Public confidence in the Scheme will depend on knowing that, if a mistake is made, there will be swift and competent action to correct it. This needs to have protection of the citizen as its priority with the benefits of data accuracy to Government and commercial users being secondary. The importance of this in building confidence and engaging the public in the Scheme suggest that IPS should specify the framework for redress and correcting errors well in advance of the Scheme's launch.
Given the bureaucratic hell which the Government has created with all of its other inaccurate National Databases, e.g. tax, social security, criminal records, Automatic Number Plate Recognition and DNA profiles etc., it is the lack of humane, easy to use, effective, cheap, friendly mechanisms of redress for the inevitable errors and mistakes which is what really engenders fear, loathing and hatred of the National Identity Scheme and of the politicians and others who are trying to inflict it on the public.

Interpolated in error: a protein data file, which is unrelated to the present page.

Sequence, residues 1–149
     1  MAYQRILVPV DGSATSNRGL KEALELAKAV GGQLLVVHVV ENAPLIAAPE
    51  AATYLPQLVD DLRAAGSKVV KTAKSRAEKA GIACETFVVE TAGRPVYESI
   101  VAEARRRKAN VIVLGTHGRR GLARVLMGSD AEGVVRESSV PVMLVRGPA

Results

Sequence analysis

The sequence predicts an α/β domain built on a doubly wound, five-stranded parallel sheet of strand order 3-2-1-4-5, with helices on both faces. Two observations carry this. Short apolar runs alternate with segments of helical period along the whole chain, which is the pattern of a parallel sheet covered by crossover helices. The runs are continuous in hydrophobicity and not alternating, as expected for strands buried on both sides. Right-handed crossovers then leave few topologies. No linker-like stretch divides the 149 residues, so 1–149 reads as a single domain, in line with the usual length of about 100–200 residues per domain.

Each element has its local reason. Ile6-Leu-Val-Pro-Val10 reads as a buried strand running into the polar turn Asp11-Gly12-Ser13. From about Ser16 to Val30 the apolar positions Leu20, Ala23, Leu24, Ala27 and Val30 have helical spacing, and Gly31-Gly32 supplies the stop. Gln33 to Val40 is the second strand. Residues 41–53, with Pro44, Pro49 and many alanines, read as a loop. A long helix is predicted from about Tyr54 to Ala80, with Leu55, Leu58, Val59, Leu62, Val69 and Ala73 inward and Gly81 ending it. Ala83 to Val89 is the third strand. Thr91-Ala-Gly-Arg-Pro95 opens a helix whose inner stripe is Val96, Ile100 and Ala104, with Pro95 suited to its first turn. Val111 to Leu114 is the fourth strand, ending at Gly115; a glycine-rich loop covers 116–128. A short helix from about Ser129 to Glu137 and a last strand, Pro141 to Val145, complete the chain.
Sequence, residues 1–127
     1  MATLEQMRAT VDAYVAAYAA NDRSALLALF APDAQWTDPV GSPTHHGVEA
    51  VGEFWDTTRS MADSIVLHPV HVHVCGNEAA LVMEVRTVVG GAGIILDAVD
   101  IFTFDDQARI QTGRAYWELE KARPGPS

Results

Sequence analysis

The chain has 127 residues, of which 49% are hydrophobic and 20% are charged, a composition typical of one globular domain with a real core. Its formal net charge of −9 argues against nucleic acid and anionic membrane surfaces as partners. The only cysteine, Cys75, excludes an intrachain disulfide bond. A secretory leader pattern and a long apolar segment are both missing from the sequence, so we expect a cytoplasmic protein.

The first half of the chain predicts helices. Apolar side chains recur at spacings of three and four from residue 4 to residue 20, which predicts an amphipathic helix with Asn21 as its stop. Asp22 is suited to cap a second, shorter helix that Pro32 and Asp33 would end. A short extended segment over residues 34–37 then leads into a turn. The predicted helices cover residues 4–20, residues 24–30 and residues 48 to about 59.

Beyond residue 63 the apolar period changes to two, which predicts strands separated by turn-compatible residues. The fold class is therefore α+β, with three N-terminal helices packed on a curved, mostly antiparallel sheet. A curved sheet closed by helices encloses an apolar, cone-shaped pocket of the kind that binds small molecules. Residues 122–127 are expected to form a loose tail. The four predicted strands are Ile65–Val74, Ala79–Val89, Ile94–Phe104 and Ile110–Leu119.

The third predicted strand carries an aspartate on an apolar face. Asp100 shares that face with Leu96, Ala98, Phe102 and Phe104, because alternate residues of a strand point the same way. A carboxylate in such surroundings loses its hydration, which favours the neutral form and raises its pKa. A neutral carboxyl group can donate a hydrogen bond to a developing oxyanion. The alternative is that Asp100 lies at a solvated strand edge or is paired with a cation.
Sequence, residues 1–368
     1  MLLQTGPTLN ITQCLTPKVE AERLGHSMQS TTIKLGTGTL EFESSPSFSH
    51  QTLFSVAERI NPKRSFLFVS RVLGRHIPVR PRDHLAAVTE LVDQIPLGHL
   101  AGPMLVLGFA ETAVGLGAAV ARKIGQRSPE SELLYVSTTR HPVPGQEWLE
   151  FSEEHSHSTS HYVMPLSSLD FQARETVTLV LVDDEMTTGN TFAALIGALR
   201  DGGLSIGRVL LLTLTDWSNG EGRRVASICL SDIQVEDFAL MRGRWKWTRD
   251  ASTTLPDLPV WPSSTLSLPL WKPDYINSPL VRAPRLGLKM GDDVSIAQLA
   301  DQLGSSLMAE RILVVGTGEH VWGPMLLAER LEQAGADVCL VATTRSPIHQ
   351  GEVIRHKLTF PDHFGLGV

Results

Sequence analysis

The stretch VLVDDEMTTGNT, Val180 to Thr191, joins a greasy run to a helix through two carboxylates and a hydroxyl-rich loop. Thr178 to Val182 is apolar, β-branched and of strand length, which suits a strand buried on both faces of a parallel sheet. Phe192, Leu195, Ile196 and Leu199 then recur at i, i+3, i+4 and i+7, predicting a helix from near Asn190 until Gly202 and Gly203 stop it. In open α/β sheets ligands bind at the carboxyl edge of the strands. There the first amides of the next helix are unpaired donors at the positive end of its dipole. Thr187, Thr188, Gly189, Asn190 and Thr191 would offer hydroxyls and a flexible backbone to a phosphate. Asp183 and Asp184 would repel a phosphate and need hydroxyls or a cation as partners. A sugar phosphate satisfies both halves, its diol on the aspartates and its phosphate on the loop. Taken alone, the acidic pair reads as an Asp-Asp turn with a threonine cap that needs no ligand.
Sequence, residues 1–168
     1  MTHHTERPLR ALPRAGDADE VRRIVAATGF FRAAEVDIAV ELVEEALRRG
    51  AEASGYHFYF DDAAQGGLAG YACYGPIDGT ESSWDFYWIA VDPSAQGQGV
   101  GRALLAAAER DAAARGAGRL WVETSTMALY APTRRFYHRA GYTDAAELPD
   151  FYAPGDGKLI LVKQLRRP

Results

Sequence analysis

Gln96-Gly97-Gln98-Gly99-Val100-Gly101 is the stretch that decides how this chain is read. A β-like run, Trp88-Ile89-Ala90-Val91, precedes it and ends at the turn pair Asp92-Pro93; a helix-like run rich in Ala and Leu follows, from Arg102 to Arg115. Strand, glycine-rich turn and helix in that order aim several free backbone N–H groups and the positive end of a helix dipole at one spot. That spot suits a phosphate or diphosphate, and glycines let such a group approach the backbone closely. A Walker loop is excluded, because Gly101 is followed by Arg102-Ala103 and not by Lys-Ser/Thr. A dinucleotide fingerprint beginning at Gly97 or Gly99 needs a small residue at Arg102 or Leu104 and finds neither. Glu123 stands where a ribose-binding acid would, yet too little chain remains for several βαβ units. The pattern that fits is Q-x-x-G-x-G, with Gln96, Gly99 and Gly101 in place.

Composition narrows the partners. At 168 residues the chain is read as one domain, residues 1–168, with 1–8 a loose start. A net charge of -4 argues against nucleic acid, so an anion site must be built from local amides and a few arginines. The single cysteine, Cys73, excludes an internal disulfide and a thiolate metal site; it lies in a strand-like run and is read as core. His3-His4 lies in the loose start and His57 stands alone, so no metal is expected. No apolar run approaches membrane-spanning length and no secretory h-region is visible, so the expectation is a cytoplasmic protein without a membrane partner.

Where are the prompt and fulsome public apologies for such mistake, made by senior officials and politicians ?
Where are the resignations with honour, of such officials and politicians when things go wrong ?
Where is the swift and generous financial compensation and free advice and counseling, for the innocent victims of such Government database "collateral damage" ?
Access to the the supposed Legal system and the Courts is not a fair, just or viable option for most people, as there is deliberately an inequality of arms. in terms of legal fees available to private individuals and the Government.